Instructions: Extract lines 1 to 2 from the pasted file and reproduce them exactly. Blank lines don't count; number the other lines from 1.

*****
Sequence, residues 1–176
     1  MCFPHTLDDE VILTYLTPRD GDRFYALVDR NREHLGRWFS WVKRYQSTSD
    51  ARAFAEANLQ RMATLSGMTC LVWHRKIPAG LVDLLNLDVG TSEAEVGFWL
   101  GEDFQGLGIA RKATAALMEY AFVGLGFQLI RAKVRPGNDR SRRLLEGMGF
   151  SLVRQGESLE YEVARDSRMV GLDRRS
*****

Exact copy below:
Sequence, residues 1–176
     1  MCFPHTLDDE VILTYLTPRD GDRFYALVDR NREHLGRWFS WVKRYQSTSD